The Missouri House has voted to tell schools in the state to enact guidelines on when students may be secluded or restrained, and to require that when it happens, the student’s parents or guardians must be notified. The bipartisan effort began when practices that one lawmaker called “archaic” came to light.
The chamber approved 149-1 House Bill 387 filed by Representative Dottie Bailey (R-Eureka). It would require schools to have policies in place for when a student can be placed in seclusion or restrained, and that those things only happen when there is imminent danger of harm to the student’s self or others.
In addition to the notification requirement the bill also includes protections for those who report violations of that policy.
“Unfortunately … some of these school districts have used seclusion and restraint for discipline and time outs and punishment. So imagine a child that already has problems interpreting the world – a kiddo with autism – then being punished for that non-interpretation and disciplined, and thrown into a box,” said Bailey. “Not only are these archaic … and need to be done away with for punishment, there are many, many other alternative therapies that have been used, that have been proven to be adequate and without hurting the child and hurting their growth and not traumatizing them further.”
Representative Ian Mackey (D-St. Louis) brought the issue to the legislature after seeing reporting on the practices in some schools. He and Bailey worked to bring the legislation forward. He said most schools in Missouri haven’t been doing anything wrong and won’t have to change any practices because of this bill.
“This bill goes after a handful of irresponsible bad actors who regularly misuse these rooms and who regularly put kids in these rooms as punishment, which violates their own policy but up until now there’s no remedy for that. This is a remedy for violations of those policies,” said Mackey.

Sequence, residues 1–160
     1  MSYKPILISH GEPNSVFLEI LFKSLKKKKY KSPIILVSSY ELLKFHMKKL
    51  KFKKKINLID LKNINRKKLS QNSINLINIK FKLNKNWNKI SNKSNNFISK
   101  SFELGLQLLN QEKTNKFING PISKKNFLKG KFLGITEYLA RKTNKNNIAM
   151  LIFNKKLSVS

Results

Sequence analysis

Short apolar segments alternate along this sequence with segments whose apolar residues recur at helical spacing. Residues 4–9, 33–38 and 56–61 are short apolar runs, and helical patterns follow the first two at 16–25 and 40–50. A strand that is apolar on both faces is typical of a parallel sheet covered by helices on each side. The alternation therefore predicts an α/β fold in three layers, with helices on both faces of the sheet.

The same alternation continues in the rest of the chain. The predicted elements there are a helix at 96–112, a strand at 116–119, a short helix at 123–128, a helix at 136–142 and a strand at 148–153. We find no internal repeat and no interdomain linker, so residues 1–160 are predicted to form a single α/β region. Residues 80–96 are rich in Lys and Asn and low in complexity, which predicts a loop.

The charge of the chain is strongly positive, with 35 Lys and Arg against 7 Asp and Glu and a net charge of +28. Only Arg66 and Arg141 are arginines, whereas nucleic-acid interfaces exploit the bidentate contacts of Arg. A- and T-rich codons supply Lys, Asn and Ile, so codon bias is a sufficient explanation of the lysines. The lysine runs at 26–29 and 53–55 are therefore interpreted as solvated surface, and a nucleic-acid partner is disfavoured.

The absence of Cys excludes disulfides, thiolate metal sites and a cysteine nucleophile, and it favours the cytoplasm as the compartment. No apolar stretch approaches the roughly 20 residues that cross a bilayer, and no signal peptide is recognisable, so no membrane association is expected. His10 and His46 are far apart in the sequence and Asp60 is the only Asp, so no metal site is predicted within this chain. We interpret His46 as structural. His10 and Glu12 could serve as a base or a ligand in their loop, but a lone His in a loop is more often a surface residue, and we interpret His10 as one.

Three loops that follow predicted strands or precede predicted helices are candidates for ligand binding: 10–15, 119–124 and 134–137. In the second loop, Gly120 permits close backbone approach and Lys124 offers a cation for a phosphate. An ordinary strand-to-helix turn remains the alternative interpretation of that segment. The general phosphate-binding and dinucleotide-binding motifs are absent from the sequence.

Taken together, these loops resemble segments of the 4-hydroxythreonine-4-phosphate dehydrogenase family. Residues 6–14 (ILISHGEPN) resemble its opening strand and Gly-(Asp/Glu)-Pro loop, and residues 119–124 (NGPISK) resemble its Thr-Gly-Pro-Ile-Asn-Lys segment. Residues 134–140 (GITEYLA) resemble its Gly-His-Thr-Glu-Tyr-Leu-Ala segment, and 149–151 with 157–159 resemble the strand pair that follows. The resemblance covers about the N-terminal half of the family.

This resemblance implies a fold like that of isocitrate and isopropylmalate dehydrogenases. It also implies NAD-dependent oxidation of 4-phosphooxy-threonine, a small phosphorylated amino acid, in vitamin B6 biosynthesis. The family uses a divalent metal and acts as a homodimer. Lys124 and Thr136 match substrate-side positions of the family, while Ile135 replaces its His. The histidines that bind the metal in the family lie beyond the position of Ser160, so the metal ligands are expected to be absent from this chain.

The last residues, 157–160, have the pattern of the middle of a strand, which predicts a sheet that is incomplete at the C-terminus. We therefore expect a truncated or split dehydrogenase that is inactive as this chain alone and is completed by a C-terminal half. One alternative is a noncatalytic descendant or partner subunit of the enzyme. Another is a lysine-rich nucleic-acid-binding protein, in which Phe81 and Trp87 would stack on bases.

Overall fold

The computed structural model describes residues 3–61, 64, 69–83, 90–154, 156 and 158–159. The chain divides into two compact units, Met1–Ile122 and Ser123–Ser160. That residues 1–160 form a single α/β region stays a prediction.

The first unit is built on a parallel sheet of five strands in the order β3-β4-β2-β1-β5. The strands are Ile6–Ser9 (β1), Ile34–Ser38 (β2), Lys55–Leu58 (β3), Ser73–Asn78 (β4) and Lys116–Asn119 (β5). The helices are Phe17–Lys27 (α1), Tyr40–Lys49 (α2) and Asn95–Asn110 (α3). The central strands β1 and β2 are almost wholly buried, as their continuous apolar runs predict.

Similar legislation passed out of the House last year and was approved by a Senate committee before COVID interrupted the normal business of the 2020 session.
Bailey said it was important to add to this year’s bill the protection for those who bring to light misuses of restraints and seclusion. She said teachers who brought evidence of violations to a House committee last year faced retaliation.
“We saw urine-filled, stained rooms. We saw drab, horrible things, and then you hear from the teachers telling this story, and I give those teachers so much credit because they took their own careers in their hands because they care about these kids,” said Bailey. “I’ve kept in touch with a couple of them and yes, retaliation has occurred.”
Hazelwood representative Paula Brown (D), a retired school teacher, said she saw retaliation against teachers who spoke out against seclusion.
“I, for one, was not retaliated against when I reported to the school administration that a kid was locked in a dark closet but I do know that it does happen, and I was probably only not retaliated against because I happened to be president of the teachers’ union at the time,” said Brown. “I’m urging the body to support this bill. It is a wonderful bill and it will protect children, and it will protect teachers.”
HB 387 also adds a prohibition to “prone restraint,” not seen in last year’s legislation.
The bill now goes to the Senate.